Housing market aglow in City of Light

The Life: Luxury home prices are soaring in Paris, thanks in part to buyers from Bric nations.

Prices for luxury homes in Paris are on the rise. Thomas Coex / AFP
Powered by automated translation

Better buy that quaint pied-a-terre on the Left Bank while you can still afford it.

Q&A: Paris charm or US bargains

Last Updated: June 10, 2011

Why are Paris prices going crazy? International buyers are tired of the roller coaster ride. They are looking for safe, stable places to stash their money and that means the old European capitals. London is popular as a financial centre, but Paris has its own charms.

Can Paris sustain these prices? Analysts think so. There is little new development in the city's most desirable neighbourhoods. And that means the finest apartments are attracting multiple offers, driving up prices.

Any other cities still seeing price increases? St Petersburg prices actually jumped 8.2 per cent in the first quarter of this year, after showing little movement in the first half of last year, according to Knight Frank. And Hong Kong prices are still going up, although not at the same rate. The city's prices rose only 6.4 per cent in the first quarter, even though they're up 15 per cent from a year ago.

Some analysts believe the best deals are found in the US, where prices are still dropping in many markets. Popular international cities such as Miami and Los Angeles have seen huge falls in recent years. But nobody knows if these markets have hit a bottom.

Are there any bargains in the world? XXX

Prices for luxury homes in Paris jumped 22 per cent in the 12 months to March this year, the biggest gain among the 15 cities tracked by the Knight Frank Prime Global Cities Index.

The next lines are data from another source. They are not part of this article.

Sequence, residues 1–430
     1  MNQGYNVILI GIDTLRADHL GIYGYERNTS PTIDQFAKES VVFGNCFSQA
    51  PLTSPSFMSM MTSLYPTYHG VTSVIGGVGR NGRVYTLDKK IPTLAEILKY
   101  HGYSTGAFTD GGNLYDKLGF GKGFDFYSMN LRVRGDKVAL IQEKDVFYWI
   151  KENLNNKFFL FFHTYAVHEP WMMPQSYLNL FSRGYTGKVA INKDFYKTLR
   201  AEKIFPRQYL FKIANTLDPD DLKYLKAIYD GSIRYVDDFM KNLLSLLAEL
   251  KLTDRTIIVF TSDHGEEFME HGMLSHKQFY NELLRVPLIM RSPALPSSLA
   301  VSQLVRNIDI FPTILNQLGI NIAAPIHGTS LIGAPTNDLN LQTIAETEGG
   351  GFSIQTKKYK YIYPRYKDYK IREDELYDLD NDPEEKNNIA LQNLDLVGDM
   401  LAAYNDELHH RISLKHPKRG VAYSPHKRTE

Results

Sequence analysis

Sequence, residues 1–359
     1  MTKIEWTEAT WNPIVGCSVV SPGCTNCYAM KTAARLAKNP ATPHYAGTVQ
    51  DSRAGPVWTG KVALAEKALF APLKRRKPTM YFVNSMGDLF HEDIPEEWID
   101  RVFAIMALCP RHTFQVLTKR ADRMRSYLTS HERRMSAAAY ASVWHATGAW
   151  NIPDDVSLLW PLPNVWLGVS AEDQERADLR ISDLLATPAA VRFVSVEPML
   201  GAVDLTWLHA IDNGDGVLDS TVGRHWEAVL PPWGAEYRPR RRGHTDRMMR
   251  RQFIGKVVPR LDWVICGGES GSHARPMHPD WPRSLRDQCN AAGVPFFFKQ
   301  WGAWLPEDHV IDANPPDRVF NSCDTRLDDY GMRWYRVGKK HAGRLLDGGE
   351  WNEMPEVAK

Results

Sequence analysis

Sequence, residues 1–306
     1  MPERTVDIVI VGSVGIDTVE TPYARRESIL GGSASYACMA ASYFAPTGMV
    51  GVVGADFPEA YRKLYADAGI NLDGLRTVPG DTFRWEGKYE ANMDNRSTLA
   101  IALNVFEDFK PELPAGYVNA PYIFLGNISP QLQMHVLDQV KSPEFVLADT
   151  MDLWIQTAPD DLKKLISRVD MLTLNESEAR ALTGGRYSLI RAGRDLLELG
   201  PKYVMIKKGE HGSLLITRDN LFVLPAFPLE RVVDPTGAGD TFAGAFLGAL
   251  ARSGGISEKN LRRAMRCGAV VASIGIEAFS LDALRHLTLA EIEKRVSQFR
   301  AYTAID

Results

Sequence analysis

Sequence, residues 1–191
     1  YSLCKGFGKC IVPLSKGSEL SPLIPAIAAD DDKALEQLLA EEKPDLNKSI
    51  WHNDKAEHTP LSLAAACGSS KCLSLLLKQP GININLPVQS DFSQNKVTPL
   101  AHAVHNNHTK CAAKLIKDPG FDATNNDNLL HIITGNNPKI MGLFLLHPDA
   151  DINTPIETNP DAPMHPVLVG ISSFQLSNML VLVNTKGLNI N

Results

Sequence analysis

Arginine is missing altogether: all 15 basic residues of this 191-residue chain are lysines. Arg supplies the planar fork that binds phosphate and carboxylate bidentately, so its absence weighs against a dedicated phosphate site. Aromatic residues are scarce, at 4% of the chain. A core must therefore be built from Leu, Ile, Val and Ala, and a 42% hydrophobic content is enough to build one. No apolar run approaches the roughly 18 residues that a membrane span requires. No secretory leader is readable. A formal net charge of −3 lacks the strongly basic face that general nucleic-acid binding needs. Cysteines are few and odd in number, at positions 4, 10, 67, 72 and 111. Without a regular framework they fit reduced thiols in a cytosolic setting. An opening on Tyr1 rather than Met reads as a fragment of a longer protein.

The City of Light has never been a bargain hunter's paradise, but "supply constraints" and growing interest from overseas buyers is driving up prices even more than normal, the property firm reports.

"Investors from Brazil, Russia, India and China are increasingly looking to Paris as a safe haven to invest funds in a mature and high-performing market," said Liam Bailey, the residential research director for Knight Frank.

In other words, it's starting to attract the type of activity already fuelling London's high-end neighbourhoods. London and Paris are starting to operate in their own rarified air, catering to wealthy buyers who are unconcerned by "affordability and macro-economics", the firm reports.

"These cities compete at a different level in attracting the world's wealthy elite," Mr Bailey said.

The price spurt in the European capitals is in sharp contrast to recent years when cities in Asia attracted headlines for gaudy price increases.

But government-enforced cooling measures are having an impact on Asia's markets, Knight Frank concludes.

Hong Kong, Shanghai, Beijing and Singapore posted an average annual price growth of 54.6 per cent in the first quarter last year, from 2009, compared with a more pedestrian 11.1 per cent in the first quarter of this year.

Other cities around the world are also struggling to find buyers, according to the Knight Frank index, which tracks high-end housing globally. Moscow was at the bottom of the list, posting an 8 per cent decline in the year to March.

New York, another city bolstered by international buyers, saw a scant 1 per cent increase.

But Knight Frank expects prices in Paris to continue to escalate.

Top 5: Hot cities

1 Paris, up 22%

1 Hong Kong, up 15%

1 Helsinki, up 12.2%

1 Shanghai, up 11%

1 Beijing, up 10%

Y-to-y price gain. Source: Knight Frank

An elite tier of global city markets is forming, "where the top addresses will become increasingly fought over by wealthy buyers" looking for long-term investments, Knight Frank reports.

The Quote: "An artist has no home in Europe - except in Paris." Friedrich Nietzsche